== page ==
Climate: ambition is not enough, balance must be restored

EU Commission to adopt package on future EU industry, energy and climate policy

Global competitiveness of EU industry at stake              

We all share the ambition to find an effective response to climate change. However there is nothing effective about the existing European climate policy which is damaging highly the competitiveness of European industry, forcing the shift of industrial production from the world-leading industries in Europe to much less efficient and polluting industries in other parts of the world. There is nothing effective about setting targets for emissions reductions without taking into account the technology limitations which confront individual industries. Steel in Europe for instance has reduced its emissions per tonne of production by 50% since the 1970’s. It is now however at the limit of existing technology and it simply cannot meet the new targets being discussed by Europe. How does the European Commission intend to deal with this reality?

“Any target must safeguard the global competitiveness of Europe’s primary industries such as steel. These industries provide more than 4 million direct jobs and many more indirect working places. These jobs are not subsidized and therefore create real value for the European economy”, says EUROFER director general Gordon Moffat in view of the Commission package on the EU’s industrial, climate and energy policy up to 2030.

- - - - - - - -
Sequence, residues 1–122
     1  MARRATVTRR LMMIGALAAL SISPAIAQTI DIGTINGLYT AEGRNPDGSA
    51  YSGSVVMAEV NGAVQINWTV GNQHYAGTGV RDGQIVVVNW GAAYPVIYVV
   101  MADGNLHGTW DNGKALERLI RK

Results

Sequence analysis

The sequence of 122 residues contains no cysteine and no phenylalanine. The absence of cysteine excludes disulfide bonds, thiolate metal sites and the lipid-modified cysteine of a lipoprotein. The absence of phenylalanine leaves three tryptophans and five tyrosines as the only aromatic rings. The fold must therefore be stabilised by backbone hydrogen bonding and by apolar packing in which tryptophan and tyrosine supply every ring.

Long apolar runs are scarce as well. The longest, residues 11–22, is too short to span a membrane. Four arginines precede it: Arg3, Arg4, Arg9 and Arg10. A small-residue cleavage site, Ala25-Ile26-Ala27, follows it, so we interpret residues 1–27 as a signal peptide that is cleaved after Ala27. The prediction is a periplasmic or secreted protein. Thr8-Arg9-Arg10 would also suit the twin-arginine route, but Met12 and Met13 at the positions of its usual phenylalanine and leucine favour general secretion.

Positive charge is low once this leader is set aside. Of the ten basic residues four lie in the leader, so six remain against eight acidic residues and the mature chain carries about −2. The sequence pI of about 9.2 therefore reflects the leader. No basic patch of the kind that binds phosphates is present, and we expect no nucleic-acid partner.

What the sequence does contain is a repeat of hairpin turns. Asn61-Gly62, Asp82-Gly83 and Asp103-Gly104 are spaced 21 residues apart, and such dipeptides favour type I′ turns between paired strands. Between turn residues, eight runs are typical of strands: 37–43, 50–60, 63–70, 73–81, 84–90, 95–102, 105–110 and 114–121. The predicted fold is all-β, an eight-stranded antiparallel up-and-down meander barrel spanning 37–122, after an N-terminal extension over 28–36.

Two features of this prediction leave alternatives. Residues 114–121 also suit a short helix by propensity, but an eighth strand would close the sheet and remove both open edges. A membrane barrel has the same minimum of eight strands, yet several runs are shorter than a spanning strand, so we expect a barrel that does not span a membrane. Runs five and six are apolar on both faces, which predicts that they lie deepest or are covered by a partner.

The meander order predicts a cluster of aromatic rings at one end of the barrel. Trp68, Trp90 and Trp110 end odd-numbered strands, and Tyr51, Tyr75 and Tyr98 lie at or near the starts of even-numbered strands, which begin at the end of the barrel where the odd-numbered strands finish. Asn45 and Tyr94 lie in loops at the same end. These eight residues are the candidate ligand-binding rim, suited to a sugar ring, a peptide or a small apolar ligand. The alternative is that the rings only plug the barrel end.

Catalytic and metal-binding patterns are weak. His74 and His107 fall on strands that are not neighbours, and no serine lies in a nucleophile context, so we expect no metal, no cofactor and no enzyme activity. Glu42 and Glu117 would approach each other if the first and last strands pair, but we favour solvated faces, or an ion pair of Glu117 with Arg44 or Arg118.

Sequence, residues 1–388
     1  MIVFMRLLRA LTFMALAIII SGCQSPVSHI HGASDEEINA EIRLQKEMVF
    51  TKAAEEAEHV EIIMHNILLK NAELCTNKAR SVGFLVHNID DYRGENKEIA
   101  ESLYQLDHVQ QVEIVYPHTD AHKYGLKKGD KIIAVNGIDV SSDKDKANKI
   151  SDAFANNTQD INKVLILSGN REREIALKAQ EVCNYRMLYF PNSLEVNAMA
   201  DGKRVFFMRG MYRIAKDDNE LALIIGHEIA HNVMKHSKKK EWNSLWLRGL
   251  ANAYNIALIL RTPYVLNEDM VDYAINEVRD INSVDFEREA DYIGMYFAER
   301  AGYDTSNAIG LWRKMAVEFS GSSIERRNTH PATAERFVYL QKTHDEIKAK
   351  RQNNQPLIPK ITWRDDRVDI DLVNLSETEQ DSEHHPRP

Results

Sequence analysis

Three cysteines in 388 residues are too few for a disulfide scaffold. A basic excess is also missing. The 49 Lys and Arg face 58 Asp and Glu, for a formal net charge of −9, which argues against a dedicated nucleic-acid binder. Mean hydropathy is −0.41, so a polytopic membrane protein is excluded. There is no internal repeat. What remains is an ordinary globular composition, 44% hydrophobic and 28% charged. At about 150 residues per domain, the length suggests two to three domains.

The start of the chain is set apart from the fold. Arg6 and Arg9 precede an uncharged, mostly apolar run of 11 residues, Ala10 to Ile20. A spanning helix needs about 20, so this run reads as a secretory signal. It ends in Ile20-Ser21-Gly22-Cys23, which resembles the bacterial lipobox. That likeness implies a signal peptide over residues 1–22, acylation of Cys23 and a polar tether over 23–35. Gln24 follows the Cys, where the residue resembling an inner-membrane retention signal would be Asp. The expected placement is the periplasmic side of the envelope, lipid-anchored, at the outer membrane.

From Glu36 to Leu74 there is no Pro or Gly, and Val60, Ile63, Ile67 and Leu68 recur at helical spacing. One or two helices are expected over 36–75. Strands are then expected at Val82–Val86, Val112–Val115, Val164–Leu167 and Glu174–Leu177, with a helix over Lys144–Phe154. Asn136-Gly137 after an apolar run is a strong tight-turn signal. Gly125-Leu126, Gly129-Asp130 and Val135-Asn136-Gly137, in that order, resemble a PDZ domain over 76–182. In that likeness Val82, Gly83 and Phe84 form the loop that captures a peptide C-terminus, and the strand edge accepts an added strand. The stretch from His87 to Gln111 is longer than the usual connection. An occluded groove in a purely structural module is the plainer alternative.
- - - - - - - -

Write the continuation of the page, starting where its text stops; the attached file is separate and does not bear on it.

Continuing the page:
EUROFER urges the Commission to clarify how it will safeguard the steel industry’s global competitiveness in the absence of breakthrough technologies for steel (as has been recognised by the Commission services themselves) which would allow it to reduce its emissions even further. Otherwise the package will be meaningless.

There are just three measures needed:

  1. The package must not result in direct or indirect costs for at least the most efficient industrial installations (best performers) in sectors exposed to global competition, as long as there is no international agreement on climate change which provides for similar constraints on our competitors. Until that time, steel needs 100% free emission permits for at least its best performers with no reduction and with full compensation (with free permits) of the CO2 costs passed through in electricity prices by the power sector.
  2. There must be a clear commitment and objective by the Commission to reduce the gap in industrial energy prices and costs between the EU and its main competitors, such as the US.
  3. The Commission must allow Member States to fully exempt energy intensive industries which are exposed to global competition, such as steel, from decarbonisation surcharges - such as taxes, levies, including grid levies, and other costs relating to the support and development of low carbon generation - as long as competitors do not have to bear such surcharges.

Represented by EUROFER, the European steel industry represents the world leader in its sector, producing on average 170 million tonnes of steel per year with direct employment of 350 thousand highly skilled people. More than 500 steel production and processing sites in 24 EU member states provide direct and indirect employment for millions of European citizens.


Gordon Moffat, Director General, +32 2 738 79 26 (g.moffat@eurofer.be)

Axel Eggert, Director Public Affairs & Communication, +32 2 738 79 34 (a.eggert@eurofer.be)

The European Steel Association (EUROFER AISBL)

Avenue de Cortenbergh, 172
B-1000 Brussels

Tel.: +32 2 738 79 20
Fax.: +32 2 738 79 55